I used to think that I would have my quarterlife crisis at the age of 25. Why? Because in monetary terms, a quarter is a 25. I know it is a stupid kind of reasoning, but it made sense to me, and I was pretty sure any younger than that was– well, I was pretty sure I would still have 5 years before going into that slump but I was wrong, so terribly wrong.

On paper I shouldn’t have an excuse to have such crisis; I topped my board exams, I recently got a home-based part time job while waiting for a call from the hospital I applied to.

It sucks because I excelled in a profession I don’t like, and that I’m getting a job through my mother’s connections. I know it sounds cushy and all, but it makes me feel conflicted. I should be happy teaching english to chinese kids, but I haven’t yet due to technical difficulties, and that I’m stalling and using those technical problems as an excuse. I only told people that I took the part time job so I couldn’t bail, or at least paint myself as a fucking grown up.

When I was in college, I was so excited to graduate and tackle the real world. Now that I’m here, I feel lost. It’s probably how Benjamin Braddock felt in The Graduate, sans the Mrs. Robinson part.

I miss school, I miss the rigidity of my schedule, the habits I had, the constant flow of exams and paperworks, the neverending flow of cortisol, the whining and the bitching about anything and everything academically related. I miss the safety net that the academe provided.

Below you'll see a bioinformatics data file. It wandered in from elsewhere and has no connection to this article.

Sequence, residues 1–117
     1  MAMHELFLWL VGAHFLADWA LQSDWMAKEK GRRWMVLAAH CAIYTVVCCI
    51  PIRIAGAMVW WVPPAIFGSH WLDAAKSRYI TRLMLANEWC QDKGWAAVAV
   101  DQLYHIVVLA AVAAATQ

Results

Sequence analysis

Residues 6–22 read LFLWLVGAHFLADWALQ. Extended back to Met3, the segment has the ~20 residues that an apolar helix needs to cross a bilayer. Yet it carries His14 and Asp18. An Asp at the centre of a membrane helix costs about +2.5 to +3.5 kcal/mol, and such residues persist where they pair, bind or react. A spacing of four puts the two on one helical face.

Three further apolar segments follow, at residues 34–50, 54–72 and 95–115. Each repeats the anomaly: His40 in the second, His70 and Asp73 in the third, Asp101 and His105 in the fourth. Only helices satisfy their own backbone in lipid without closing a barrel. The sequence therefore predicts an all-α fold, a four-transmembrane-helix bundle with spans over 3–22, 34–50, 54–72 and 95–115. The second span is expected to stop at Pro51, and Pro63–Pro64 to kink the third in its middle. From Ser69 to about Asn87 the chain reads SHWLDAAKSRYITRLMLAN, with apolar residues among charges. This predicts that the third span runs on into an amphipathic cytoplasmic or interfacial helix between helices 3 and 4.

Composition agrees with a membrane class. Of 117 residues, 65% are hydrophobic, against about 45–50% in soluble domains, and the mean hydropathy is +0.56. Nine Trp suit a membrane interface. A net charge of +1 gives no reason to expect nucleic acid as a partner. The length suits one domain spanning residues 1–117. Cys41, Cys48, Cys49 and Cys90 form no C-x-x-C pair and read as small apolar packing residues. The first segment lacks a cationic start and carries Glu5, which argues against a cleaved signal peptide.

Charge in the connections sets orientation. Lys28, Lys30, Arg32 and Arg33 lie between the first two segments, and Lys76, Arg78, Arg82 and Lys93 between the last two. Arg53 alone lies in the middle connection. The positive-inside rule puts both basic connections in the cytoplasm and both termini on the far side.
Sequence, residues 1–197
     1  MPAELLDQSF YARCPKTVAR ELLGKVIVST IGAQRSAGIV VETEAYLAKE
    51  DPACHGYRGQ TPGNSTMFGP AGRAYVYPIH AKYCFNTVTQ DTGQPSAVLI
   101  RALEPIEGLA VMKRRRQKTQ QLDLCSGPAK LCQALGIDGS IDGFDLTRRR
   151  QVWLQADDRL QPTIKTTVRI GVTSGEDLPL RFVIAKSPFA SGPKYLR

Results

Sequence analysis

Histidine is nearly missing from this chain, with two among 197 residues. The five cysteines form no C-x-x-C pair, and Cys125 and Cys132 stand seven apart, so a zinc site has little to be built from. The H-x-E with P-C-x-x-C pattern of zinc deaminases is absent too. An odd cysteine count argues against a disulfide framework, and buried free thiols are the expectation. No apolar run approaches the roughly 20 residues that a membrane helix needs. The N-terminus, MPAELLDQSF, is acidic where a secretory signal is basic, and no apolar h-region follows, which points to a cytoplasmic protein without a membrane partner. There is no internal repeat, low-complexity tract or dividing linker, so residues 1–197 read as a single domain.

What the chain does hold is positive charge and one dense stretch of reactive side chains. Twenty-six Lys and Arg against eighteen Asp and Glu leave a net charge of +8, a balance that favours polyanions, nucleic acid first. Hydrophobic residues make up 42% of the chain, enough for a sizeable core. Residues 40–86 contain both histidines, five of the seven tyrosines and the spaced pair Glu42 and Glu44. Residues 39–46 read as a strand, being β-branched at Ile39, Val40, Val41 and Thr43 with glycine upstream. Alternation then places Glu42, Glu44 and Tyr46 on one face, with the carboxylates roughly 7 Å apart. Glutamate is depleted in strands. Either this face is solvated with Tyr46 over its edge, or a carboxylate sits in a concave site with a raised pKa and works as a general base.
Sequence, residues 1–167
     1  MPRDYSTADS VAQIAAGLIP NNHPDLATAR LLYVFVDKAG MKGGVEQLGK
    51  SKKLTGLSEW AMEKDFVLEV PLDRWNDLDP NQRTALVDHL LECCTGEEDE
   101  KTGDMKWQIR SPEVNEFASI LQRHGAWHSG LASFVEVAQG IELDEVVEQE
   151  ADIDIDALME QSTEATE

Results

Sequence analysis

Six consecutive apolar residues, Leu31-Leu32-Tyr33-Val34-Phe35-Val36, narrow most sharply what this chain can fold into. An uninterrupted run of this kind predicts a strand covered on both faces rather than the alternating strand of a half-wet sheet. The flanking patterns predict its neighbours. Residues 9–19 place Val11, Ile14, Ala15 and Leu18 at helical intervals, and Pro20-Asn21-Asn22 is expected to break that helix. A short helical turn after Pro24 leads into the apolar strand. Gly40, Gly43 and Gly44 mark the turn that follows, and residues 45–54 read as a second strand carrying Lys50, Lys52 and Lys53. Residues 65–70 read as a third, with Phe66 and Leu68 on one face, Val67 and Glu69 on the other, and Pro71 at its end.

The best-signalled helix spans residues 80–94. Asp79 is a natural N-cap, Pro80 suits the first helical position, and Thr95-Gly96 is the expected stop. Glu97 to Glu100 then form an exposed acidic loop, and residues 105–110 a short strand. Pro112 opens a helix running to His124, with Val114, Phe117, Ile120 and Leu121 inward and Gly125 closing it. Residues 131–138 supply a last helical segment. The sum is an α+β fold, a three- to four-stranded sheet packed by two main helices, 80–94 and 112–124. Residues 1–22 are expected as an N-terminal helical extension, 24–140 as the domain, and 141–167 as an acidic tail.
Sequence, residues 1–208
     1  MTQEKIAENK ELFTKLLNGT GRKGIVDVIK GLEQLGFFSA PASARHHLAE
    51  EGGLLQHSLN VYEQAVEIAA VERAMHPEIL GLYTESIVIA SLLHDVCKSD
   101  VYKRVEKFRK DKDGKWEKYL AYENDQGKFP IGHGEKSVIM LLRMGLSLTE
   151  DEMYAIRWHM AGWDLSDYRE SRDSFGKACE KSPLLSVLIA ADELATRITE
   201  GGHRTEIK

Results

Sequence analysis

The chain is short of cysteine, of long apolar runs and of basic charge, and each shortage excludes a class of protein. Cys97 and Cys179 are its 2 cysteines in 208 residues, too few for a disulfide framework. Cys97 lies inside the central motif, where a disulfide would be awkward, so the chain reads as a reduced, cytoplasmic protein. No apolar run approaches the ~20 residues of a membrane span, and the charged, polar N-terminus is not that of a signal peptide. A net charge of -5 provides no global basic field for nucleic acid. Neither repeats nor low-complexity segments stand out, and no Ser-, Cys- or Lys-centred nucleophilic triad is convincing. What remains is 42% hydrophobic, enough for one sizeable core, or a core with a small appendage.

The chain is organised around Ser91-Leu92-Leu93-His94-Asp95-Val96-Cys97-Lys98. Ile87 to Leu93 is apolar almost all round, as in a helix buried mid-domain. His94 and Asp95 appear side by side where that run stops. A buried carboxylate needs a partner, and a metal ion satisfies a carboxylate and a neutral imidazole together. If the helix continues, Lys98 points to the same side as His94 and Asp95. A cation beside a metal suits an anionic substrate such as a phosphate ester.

I took a vacation after school, those three months in California was like a dream. When I was in there, everything sounded possible. I just need to get an employer to petition me for a working visa then pass papers to the board of nursing so I can take the NCLEX, pass the NCLEX and get a job at a hospital, then save enough money so I can move out of my aunt’s house. Everything was so simple on paper, but in real life, it is almost improbable. Because, one, I only hold a tourist visa, two, the board already denied someone from my batch because of unmet requirements, and three, since I only hold a tourist visa I don’t have (and won’t have) a social security number which leads to, four, the board not processing my papers. Now that I am back in my country, I realized all flaws in my plans and I want to smack my past self on the head for filling her mind with those stupid thoughts. It wasn’t me, it goes against my usual logic.